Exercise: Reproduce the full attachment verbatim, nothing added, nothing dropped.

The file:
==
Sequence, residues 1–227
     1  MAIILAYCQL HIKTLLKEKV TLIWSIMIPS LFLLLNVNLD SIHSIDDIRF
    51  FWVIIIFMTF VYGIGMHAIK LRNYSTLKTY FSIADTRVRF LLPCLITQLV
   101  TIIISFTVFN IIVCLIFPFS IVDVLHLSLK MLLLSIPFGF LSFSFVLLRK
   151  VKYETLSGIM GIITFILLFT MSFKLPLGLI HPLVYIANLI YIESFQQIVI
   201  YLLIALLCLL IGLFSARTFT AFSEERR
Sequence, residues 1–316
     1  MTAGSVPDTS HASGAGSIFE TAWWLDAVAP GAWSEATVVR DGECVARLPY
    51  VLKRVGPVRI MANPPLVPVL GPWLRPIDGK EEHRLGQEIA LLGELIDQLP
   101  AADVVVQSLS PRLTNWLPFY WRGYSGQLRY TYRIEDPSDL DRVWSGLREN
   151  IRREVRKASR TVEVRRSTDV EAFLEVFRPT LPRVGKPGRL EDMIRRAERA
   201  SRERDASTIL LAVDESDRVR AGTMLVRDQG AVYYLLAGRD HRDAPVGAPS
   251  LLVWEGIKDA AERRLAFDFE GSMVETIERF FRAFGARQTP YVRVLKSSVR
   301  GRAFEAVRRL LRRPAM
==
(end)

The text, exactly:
Sequence, residues 1–227
     1  MAIILAYCQL HIKTLLKEKV TLIWSIMIPS LFLLLNVNLD SIHSIDDIRF
    51  FWVIIIFMTF VYGIGMHAIK LRNYSTLKTY FSIADTRVRF LLPCLITQLV
   101  TIIISFTVFN IIVCLIFPFS IVDVLHLSLK MLLLSIPFGF LSFSFVLLRK
   151  VKYETLSGIM GIITFILLFT MSFKLPLGLI HPLVYIANLI YIESFQQIVI
   201  YLLIALLCLL IGLFSARTFT AFSEERR
Sequence, residues 1–316
     1  MTAGSVPDTS HASGAGSIFE TAWWLDAVAP GAWSEATVVR DGECVARLPY
    51  VLKRVGPVRI MANPPLVPVL GPWLRPIDGK EEHRLGQEIA LLGELIDQLP
   101  AADVVVQSLS PRLTNWLPFY WRGYSGQLRY TYRIEDPSDL DRVWSGLREN
   151  IRREVRKASR TVEVRRSTDV EAFLEVFRPT LPRVGKPGRL EDMIRRAERA
   201  SRERDASTIL LAVDESDRVR AGTMLVRDQG AVYYLLAGRD HRDAPVGAPS
   251  LLVWEGIKDA AERRLAFDFE GSMVETIERF FRAFGARQTP YVRVLKSSVR
   301  GRAFEAVRRL LRRPAM